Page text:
TED Conversations

Linda Hesthag  Ellwein

Communications, Change, and Photography, Oikonomia, Inc.


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How attached are you to your deeply held beliefs? If solutions to global problems challenge your worldview, how do you react?

Allan Savory's recent TED Talk introduced an unlikely and politically incorrect solution to reversing global desertification and climate change with the use of livestock as a tool, and different decision making.

Well-meaning laws, bureaucracies, and activists at the mercy of public opinion have stifled this work from moving forward on a large scale in the US. Belief systems and the fear of being wrong often prohibits change.

How do you respond to ideas that challenge your belief system? How do we stop our paradigms and prejudices from unfairly shaping decision making, and allowing us to take real risks for lasting change? What's your reaction to cows helping save the world? What idea have you believed and been completely wrong?


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  • Mar 6 2013: One purpose of paradigms and beliefs is to keep us out of trouble, and they generally perform this function very well. So we cannot discard them easily. Changing to a new paradigm of this scale requires data and thorough analysis. I do not doubt that Allan Savory has found a good way to reverse desertification, but his talk did not even mention how much it would cost USA ranchers in lost profits. Another consideration is unintended consequences; after all, Allan Savory admits that he was wrong once before.

    Mr. Savory's ideas will be quickly adopted In areas where the deserts are taking over and the land is not productive, where there is little or no risk. In other more established areas, where the land is still producing, even if below optimal levels, further analysis and time will be required.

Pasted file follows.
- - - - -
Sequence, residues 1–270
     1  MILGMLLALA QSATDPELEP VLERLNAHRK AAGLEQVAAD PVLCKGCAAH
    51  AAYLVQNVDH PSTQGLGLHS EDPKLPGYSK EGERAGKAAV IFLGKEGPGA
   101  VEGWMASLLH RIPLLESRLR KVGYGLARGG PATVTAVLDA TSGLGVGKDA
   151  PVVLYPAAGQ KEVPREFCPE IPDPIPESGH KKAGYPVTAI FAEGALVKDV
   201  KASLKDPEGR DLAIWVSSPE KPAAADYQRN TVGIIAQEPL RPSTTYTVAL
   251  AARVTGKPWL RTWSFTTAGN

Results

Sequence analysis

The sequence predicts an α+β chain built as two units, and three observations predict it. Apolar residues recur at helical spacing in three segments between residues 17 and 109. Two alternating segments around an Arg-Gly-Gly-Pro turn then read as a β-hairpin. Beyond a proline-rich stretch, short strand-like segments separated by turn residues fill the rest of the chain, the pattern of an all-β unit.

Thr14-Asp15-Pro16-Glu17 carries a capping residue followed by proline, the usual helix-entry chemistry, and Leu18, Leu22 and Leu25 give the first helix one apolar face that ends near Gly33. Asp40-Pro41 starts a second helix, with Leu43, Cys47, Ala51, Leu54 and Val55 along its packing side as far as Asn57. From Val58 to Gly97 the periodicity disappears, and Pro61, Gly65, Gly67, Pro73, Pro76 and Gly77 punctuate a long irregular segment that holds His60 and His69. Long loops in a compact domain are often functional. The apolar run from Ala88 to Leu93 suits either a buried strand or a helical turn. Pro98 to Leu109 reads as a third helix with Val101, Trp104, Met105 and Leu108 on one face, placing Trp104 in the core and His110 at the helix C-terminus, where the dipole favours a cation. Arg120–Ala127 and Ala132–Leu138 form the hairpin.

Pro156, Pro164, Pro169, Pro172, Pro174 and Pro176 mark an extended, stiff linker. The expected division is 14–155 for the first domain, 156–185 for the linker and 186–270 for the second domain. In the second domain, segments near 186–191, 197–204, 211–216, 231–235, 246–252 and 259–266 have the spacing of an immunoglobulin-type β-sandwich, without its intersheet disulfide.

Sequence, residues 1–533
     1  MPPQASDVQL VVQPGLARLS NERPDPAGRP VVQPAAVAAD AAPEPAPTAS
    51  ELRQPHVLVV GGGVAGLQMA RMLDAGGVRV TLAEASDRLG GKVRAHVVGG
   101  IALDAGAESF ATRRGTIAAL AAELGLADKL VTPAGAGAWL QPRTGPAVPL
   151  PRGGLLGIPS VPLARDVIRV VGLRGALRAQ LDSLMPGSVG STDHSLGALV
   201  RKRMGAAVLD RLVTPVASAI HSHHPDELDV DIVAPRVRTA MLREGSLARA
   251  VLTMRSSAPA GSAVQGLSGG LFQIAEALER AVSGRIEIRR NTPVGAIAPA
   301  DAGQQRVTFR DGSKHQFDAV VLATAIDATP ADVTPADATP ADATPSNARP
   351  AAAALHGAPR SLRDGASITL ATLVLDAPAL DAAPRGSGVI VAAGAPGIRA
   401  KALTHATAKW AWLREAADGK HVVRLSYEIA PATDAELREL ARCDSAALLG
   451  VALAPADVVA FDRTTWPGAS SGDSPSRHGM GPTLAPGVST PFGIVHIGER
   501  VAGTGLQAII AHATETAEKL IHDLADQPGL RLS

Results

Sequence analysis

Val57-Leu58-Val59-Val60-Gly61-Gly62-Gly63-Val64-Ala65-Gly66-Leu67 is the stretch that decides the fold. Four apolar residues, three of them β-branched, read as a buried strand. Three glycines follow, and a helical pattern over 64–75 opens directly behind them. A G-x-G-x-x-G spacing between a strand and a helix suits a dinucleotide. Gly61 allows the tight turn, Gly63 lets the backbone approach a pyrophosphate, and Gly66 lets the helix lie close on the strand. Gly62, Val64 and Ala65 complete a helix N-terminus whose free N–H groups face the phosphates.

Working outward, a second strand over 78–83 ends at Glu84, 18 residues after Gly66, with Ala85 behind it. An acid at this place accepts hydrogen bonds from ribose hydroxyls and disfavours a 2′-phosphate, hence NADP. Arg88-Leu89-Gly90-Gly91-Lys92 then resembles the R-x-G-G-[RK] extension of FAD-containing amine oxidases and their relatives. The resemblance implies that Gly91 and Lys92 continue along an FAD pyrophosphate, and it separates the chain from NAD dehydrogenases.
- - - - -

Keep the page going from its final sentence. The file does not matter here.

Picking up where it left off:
This is a tremendous achievement, but people are slow to change, generally for good reasons.
    • Mar 9 2013: Hi, Barry.

      Thanks for these thoughts.. I'd share, though, that after 22 years of working with people involved in planned grazing and Savory's Holistic decision making process, although there may be a small investment in training and some modifications to infrastructure at the beginning, many of the people in the less deteriorated areas and commercial areas using this process have produced significantly greater returns. When you can double or triple your stocking rate, the economics of this approach play out well. It also buffers you from drought and downturns in the markets - because you are spreading your costs across a much larger number of units. In the more destitute and poorer lands and economies it can be quite challenging to get launched. Increasingly, though, people in those landscapes who are livestock holders are considering this approach and adopting it. (Shannon Horst, co-founder Savory Institute)

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